Thursday, October 6, 2011

A Thought on the Parsha

I would like to share with you a (slightly emended) piece that I wrote on Yom Kippur and the Temple Service which was published in the Jerusalem Post Magazine, on Sept 28, 2008. 
Cleansing the Temple, Cleansing our World

"For on this day he shall atone for you to purify you; that you may be clean from all your sins before the Lord." (Lev. 16:30)
This verse appears at the end of the Torah reading for Yom Kippur, when we leave all of our this-worldly pursuits behind, even food and drink, a day that is totally devoted to God, and a day we are promised atonement for our sins. The reading describes in great detail the service of the High Priest in the Temple on this day - the sacrifices, the ablutions, the burning of the incense, the sending of the scapegoat to the desert. Teshuvah, or repentance, is not mentioned as part of the service of the day.  According to the verses, it is the sacrificial rites that cleanse the Temple and achieve atonement for the people.  

But what is the significance of Yom Kippur when the Temple and these rituals are absent? The Rabbis of the Talmud, in their affirmation of the timeless relevance of the Torah after the destruction of the Temple, declared that in the absence of sacrifices, the day itself achieves atonement provided that it is accompanied by teshuvah (Bavli, Yoma 85b).  The "he" of the verse who atones for us is no longer the High Priest offering the sacrifices, but God Himself, who provides atonement on this day to those who undertake the process of teshuvah.  After the Temple, it is teshuvah which takes the place of the sacrificial rites of the day.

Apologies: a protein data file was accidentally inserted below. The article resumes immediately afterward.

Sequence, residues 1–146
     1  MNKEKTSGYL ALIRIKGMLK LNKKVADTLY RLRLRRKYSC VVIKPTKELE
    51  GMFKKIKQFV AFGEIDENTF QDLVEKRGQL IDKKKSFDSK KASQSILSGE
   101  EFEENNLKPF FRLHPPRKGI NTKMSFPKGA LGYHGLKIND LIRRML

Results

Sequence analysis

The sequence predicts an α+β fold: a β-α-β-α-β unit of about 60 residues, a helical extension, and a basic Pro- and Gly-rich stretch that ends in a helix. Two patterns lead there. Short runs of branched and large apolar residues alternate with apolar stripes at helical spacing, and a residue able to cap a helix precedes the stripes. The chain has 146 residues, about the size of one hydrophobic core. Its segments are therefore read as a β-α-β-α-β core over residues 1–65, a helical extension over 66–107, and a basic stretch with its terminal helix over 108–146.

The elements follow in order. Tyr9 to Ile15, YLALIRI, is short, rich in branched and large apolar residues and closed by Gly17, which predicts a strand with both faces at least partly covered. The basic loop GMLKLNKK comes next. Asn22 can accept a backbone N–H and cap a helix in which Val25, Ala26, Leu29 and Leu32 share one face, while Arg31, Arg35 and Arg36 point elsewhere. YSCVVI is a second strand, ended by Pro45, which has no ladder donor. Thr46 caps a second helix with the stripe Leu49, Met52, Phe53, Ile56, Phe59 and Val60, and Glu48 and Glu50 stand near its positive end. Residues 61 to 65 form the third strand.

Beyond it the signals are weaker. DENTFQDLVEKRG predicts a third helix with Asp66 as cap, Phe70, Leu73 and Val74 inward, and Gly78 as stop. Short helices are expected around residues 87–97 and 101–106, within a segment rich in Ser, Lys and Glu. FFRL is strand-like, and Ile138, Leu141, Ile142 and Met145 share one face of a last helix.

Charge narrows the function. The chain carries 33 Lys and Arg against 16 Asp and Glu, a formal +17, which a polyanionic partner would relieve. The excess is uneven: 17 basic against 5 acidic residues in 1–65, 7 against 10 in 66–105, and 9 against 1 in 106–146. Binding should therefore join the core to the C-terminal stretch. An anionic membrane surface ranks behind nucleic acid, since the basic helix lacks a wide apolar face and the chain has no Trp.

For the last two thousand years, the dominant theme of Yom Kippur has thus been teshuvah - the work of improving our behavior and transforming our character. And yet, the Torah reading remains Chapter 16 of Leviticus. Rather than hearing moral or religious exhortation - undeniably the theme of the haftarot of the day - we are treated to the minute details of the rites of the sacrifices. These Temple-based rites, while seemingly irrelevant to our contemporary concerns, can teach serious corrective lessons regarding sin and repentance.

It is widely believed that just as sin affects the spiritual well-being of the soul, so to the teshuvah is a process devoted wholly to the repairing of the soul. This is only partly true. The sacrificial rites of Yom Kippur tell another story. "And he [the High Priest] shall make an atonement for the Holy Sanctuary, and he shall make an atonement for the Tent of Meeting, and for the altar, and he shall make an atonement for the priests, and for all the people of the congregation" (Lev. 16: 33). It is first and foremost the Temple that must be cleansed, and only afterwards is the atonement of the people achieved.

The Torah assumes a basic metaphysical reality - sin pollutes. When the Children of Israel have sinned, the Temple itself becomes impure. This understanding of sin holds for us even today. When we sin, we hurt not only ourselves, we pollute our environment as well. If we have not respected our parents or our spouse, if we have betrayed a trust, or hurt others physically or emotionally, then our sin has damaged others and injured our relationships. If we have not honored Shabbat or the holidays properly, then the sanctity that these times hold for us has been diminished. The process of teshuvah requires that we recognize that improving ourselves is insufficient; we must also cleanse the reality that we have polluted.